Tuesday, January 13, 2009

12th January,2009.

Little news as still pestered with flu, the most powerful antidote at the moment being the prospect of a trip to Norfolk!!! Changed my arrangements around to Wednesday as the predicted weather (for here) on Thursday and Friday, and actually into Saturday, is not good and I can't entertain the aspect of being delayed!!! It gives me the added flexibility of calling in at various places en-route.

Took a look at the wintering Grey lag Goose figures, kindly supplied by Margaret Morris at SNH and drawn from the December International Survey data when two days was spent covering the whole island to determine the current number of Greenland White-fronted Geese on the island, within which time numbers of other species were collected too.

It rather looks as if, at absolute maximum, the number of Grey lag Geese on Islay at the moment could be in the region of 600 birds. On the other hand, by the nature of the records, locations etc etc the number might well be two thirds of that. Wintering geese are usually very loyal to their feeding areas until such time as they're eaten out when, of course, they move. By contrast, the Grey-lag Geese here at the moment appear to be more mobile, which creates obvious problems when one tries to construct a population figure. What it does mean is that around 1000 birds have departed the island since the counts were done in the autumn (see previous posts for details). Whether that suggests these remaining birds are Islay's resident population is open to debate. The wintering population only began to be more apparent in the 2007/2008 winter "season" as, previous to that, birds were here but the numbers were fairly consistent and rather low. The wintering presence does perhaps parallel the rather exponential growth of our breeding population in recent times, so the next couple of seasons are going to very interesting.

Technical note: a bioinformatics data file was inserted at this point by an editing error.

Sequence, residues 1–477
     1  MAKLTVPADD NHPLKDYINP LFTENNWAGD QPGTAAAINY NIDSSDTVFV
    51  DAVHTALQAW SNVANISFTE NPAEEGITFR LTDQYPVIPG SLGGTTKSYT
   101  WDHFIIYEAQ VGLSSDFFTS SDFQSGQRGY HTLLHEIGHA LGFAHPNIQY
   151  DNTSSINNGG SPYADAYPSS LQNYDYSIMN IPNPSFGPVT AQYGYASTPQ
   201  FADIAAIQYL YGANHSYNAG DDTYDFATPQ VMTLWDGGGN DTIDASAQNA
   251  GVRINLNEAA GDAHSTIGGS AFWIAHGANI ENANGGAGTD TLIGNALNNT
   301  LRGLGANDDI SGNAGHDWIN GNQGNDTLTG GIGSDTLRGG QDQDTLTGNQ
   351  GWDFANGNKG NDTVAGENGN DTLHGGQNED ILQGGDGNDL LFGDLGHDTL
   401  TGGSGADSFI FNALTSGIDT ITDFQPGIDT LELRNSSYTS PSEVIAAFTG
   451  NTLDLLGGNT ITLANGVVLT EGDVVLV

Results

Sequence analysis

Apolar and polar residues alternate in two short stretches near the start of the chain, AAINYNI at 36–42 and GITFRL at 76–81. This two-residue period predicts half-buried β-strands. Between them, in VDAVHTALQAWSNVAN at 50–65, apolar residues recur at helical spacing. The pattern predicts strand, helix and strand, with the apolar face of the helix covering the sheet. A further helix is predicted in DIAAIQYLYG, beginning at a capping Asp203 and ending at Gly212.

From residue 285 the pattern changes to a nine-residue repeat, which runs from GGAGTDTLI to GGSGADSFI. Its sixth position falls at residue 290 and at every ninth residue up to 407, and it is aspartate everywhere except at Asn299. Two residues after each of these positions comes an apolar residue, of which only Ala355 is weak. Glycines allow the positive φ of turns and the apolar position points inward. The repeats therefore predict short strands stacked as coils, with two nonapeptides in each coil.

But what of the 1000?? Are they perhaps birds destined for the Solway that are developing the habit of using Islay as a stopping off point. Sadly the collared bird seen earlier, but whose details weren't secured, appears to be one of those that has moved on. Or is all this conjecture, simply a question of trying to make the jigsaw pieces fit? Who knows? Future work might yet give us some answers.

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